Sale Moor - Holy Family

A church of the 1970s, not of special architectural or historic interest, although well-designed for its purpose.

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Sandbach - St Winefride

A small but characterful building by a local architect, with some good detailing.The building is primarily of townscape interest; the interior is plain and contains no furnishings of particular note.

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Shifnal - St Mary

The church was built with the adjoining house as a combined school and chapel, from designs by C. A. Buckler, a notable architect of the Gothic Revival. The interior of the church has been altered, but its external design and group value with the adjoining house make a positive contribution to the Shifnal Conservation Area.

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Shrewsbury - Cathedral Church of Our Lady Help of Christians and St Peter of Alcantara

The Cathedral church of the Diocese, built from designs by E.W. Pugin, under the patronage of the Seventeenth Earl of Shrewsbury. This was Pugin’s first major commission, taken over from his late father A. W. N. Pugin at the age of just nineteen. The external appearance is relatively modest, its plan confined by site constraints; an intended tower and spire were never built. The Cathedral has been augmented and enriched over the years, with additions by Edmund Kirby and fittings by E. W. Pugin, Hardman, Margaret Rope and others. The building has landmark quality within its immediate setting and when viewed from the River  Severn, and with other Cathedral buildings forms a good group in the Town Centre Conservation Area.

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Shrewsbury - Our Lady of Pity

A late church by F.X. Velarde, completed after his death, with many characteristics and details typical of this interesting and significant post-war architect. The design is similar to Velarde’s earlier church at Monkmoor, but displays more personal and idiosyncratic touches. The exterior is plain, save for the polygonal campanile with diamond-shaped belfry openings and the bluff apsidal east end. The interior is marked by a succession of low-brick arches, culminating in a sanctuary with carved Pietà by Velarde’s frequent collaborator, Herbert Tyson Smith.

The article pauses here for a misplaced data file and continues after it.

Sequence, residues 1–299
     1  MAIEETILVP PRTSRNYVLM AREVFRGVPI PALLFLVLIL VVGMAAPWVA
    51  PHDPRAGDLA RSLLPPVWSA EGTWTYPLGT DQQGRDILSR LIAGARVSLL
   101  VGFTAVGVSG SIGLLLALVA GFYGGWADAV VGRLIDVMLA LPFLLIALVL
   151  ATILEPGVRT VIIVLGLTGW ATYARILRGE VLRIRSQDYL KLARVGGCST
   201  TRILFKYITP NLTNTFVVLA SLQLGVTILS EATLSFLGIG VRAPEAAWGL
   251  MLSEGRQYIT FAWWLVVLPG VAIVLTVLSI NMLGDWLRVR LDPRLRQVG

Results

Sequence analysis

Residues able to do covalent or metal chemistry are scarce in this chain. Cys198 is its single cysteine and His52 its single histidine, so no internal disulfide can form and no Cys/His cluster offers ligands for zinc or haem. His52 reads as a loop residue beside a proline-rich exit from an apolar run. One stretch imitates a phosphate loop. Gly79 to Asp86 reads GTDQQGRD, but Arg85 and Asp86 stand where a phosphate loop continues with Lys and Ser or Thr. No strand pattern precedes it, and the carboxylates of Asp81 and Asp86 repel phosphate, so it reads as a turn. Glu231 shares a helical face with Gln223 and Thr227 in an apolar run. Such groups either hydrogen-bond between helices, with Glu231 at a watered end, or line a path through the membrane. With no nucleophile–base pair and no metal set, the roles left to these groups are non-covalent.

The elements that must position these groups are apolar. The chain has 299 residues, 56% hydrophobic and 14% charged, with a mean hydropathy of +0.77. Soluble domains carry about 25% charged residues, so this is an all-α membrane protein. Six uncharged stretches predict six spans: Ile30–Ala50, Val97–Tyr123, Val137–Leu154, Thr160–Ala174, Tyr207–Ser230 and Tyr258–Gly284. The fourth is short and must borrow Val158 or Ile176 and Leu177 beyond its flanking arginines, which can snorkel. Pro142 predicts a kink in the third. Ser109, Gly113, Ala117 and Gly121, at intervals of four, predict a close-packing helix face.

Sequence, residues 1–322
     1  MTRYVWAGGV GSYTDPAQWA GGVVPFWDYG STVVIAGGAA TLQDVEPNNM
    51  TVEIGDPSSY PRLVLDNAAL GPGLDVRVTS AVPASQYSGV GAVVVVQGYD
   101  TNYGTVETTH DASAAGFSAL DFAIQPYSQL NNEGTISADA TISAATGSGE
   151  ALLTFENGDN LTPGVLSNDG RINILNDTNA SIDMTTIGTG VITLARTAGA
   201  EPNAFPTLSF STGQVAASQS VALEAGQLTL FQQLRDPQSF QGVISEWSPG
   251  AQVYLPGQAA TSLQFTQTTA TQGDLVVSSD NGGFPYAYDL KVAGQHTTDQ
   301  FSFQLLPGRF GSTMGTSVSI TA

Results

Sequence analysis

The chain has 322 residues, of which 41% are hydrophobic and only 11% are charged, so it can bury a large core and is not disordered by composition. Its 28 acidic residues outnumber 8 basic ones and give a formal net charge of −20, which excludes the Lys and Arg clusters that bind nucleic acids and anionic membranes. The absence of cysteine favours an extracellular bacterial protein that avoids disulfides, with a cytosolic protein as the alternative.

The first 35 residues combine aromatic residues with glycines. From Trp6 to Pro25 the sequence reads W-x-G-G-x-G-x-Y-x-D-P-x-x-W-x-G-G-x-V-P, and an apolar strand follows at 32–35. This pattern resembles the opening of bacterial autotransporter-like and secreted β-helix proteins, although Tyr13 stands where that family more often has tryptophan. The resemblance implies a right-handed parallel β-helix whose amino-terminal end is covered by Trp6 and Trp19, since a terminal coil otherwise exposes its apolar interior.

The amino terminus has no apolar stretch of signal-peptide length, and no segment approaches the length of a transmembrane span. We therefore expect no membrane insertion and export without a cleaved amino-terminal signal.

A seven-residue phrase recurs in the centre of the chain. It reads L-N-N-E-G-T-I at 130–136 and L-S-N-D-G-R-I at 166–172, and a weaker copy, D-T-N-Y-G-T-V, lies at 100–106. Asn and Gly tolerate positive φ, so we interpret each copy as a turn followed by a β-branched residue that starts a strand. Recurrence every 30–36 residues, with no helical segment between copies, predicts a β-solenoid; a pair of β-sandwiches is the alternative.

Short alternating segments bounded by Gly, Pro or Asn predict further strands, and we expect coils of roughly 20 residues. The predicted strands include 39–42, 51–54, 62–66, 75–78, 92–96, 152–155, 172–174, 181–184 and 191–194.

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Shrewsbury - St Winefride

A fairly late church by F. X. Velarde, with many design characteristics and details typical of that interesting and significant post-war architect. The exterior is plain, save for the square campanile with arched belfry openings and the bluff apsidal east end. The interior is marked by a succession of low-brick arches, and an intact original paint scheme on the ceilings. Velarde-designed fittings include the altar and crucifix.

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Stalybridge - St Peter

A stone-built design of 1838-39, in many ways typical of Catholic church architecture of the period, in a thin pre-Puginian Early English Gothic. It was designed by the noted architect Matthew Hadfield, who went on to undertake many important commissions for the Catholic Church. Although the building has been altered it retains a good altar and reredos designed by the well-known architect Edmund Kirby.

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Stalybridge - St Raphael

A notable example of experimental 1960s church design, retaining its original character to a high degree. The stained glass screen by Pierre Fourmaintraux, original corona and ceramic Stations and holy water stoups by Alan Boyson are all striking features of the interior.

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Stockport - Our Lady and the Apostles

A striking Edwardian town church by the Liverpool architect Edmund Kirby. The bold red brick and terracotta exterior is a strong feature on the edge of Stockport town centre, with a contemporary presbytery. The lofty interior is for its date a fairly conservative but nevertheless successful Gothic design with good, well-made fittings, including glass attributed to Margaret Rope.

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Stockport - St Ambrose